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Commerce Act changes proposed

Home Insights Commerce Act changes proposed

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Contributed by: Troy Pilkington and Bradley Aburn

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Published on: January 25, 2019


Market power, intellectual property, and land covenant laws under review

The Ministry of Business, Innovation and Employment (MBIE) this morning announced yet another review of the Commerce Act, issuing a Discussion Paper proposing that the Commerce Act's:

  • market power prohibitions be amended to mirror the equivalent prohibitions recently introduced in Australia (which now has an "effects" based prohibition);
  • intellectual property exemptions be repealed; and
  • cartel prohibitions be extended to also apply to land covenants (not just contracts, arrangements, and understandings).  

These reforms, if implemented, would result in significant changes to New Zealand's competition law framework.

While the announced review of the market power prohibition was expected (with the Government as recently as December 2018 restating its intention to review that prohibition), the proposed reforms to the intellectual property exemptions and the land covenant laws had not been as clearly signalled.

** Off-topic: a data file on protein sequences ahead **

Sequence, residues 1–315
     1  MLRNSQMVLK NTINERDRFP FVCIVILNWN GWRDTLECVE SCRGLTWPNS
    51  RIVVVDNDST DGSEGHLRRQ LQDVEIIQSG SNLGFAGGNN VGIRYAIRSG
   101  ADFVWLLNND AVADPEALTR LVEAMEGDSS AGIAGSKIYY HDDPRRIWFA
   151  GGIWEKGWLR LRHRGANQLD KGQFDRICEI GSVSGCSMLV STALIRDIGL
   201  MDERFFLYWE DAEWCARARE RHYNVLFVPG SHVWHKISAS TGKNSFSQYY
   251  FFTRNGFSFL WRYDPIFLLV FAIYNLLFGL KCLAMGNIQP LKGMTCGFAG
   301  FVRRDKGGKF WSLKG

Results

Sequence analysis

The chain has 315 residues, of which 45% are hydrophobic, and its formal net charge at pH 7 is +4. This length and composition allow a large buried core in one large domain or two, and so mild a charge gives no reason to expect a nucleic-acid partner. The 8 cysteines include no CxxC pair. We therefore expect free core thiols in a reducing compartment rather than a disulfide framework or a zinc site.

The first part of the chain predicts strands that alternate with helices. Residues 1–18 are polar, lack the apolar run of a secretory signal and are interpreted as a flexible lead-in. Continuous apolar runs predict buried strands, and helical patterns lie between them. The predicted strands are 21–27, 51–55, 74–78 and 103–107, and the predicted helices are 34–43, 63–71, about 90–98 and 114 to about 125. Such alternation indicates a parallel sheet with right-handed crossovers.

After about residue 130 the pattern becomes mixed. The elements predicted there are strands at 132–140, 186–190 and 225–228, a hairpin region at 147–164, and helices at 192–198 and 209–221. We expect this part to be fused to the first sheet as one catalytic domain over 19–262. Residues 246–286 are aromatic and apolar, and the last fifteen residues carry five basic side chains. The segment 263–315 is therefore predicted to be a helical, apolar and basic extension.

Given these proposed reforms will have wide reaching consequences, it will be important that the business community reflects carefully on the proposals and makes its views heard so there can be a robust assessment of both the costs and benefits before any law reform is implemented.  

MBIE has called for submissions by 1 April 2019, and its Discussion Paper can be accessed here

If you would like to discuss how the proposed changes could affect your business, or you would like assistance in considering your options for responding to these proposals, please get in touch with Troy Pilkington.

This article is intended only to provide a summary of the subject covered. It does not purport to be comprehensive or to provide legal advice. No person should act in reliance on any statement contained in this publication without first obtaining specific professional advice. If you require any advice or further information on the subject matter of this newsletter, please contact the partner/solicitor in the firm who normally advises you, or alternatively contact one of the partners listed below.

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